Sunspots, swamp oak, cattails

My first attempt at narrative art – at creating art that told a story – involved a drawing I completed with my wife, Amanda.  We spent the better part of a winter passing the coldest nights on the living room floor, each working on different aspects of a large piece that not only told the story of the rise and fall of the celebrity in American culture, but also how that story was relished by an audience of insatiable viewers of the event.  It turned out great, I built a frame for it and protected it behind glass, and the piece now hangs in our home.  

Cottonwood, Kankakee River

Since that first collaboration, I’ve remained interested in attempted to include simply narratives into my art – and by simple, I mean creating paintings that use a few active elements to create the first beginnings of a story.  In one piece I added sunspots above a tree, because I can recall how when, as a kid, I would tromp in the local wetlands on the hottest August days, and sweat would drip into my eyes, so that when I looked up, there would appear, through the beads of sweat, refracted light that always became a bunch of spots.  Actually, I was fascinated by the effect of the spots, which is why I remember them.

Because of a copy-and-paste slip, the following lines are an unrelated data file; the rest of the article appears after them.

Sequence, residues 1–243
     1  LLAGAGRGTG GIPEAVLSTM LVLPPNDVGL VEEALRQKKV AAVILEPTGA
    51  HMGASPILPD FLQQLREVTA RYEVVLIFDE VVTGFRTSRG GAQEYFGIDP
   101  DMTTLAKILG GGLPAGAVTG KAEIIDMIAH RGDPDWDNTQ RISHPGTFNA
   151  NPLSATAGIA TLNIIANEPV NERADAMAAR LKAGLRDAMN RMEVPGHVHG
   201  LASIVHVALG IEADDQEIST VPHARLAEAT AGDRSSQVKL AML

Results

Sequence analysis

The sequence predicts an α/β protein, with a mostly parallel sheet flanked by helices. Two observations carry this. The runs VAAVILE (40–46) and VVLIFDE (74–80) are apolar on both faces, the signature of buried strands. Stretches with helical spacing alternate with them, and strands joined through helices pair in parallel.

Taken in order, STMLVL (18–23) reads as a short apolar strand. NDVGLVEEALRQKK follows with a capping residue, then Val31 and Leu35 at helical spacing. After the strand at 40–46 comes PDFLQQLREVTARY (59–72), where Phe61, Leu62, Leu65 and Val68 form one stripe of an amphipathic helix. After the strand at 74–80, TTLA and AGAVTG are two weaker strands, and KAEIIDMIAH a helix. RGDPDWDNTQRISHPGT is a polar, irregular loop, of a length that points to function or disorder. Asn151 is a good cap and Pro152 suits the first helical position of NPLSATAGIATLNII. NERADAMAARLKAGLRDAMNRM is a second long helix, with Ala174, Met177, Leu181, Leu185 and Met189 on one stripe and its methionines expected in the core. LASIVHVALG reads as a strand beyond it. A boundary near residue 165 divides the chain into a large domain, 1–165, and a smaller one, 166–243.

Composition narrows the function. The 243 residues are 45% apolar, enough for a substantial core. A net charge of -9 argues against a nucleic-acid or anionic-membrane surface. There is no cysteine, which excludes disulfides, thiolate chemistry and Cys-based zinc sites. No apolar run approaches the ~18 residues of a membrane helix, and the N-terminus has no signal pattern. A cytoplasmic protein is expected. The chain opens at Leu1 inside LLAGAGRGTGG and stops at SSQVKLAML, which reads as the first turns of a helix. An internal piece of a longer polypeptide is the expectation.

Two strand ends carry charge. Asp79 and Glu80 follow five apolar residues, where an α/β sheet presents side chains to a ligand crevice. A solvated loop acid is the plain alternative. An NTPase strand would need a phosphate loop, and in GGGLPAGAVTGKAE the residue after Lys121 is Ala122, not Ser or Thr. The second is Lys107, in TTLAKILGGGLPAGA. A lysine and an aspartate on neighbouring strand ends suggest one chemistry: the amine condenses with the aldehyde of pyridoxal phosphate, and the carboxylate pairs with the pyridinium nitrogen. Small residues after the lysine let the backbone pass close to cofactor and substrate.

January oak, ditchbank, field; Salina Township

My current interest in narrative art involves the use of objects represented either as they are for real – or reinterpreted as symbols – and then arranging these elements about a composition so that the “setting” of the piece helps establish a narrative, or simple story.  One unseen event in this whole process is that I’m not taking active steps to show, place or sell the work, and it’s starting to build up, which is something I imagine the majority of artists face – that is, an excessive output of work equals the fact that all of the wall space in your home is eventually covered with your own work, and the closets get filled, as does the attic and garage.  I think I would like it if one of the contemporarily coined “1 percent” discovers me, likes my work, likes the idea of owning an entire collection of art created by “a commoner” (me) and then sweeps all of my pieces away into his or her collection.  Hey, I can dream aloud, right?

And if you haven’t checked out my super-awesome site at www.christophershoup.zenfolio.com please check it out.  The resolution of the images there are outstanding.

An early attempt at painting on oak; probably this piece isn’t finished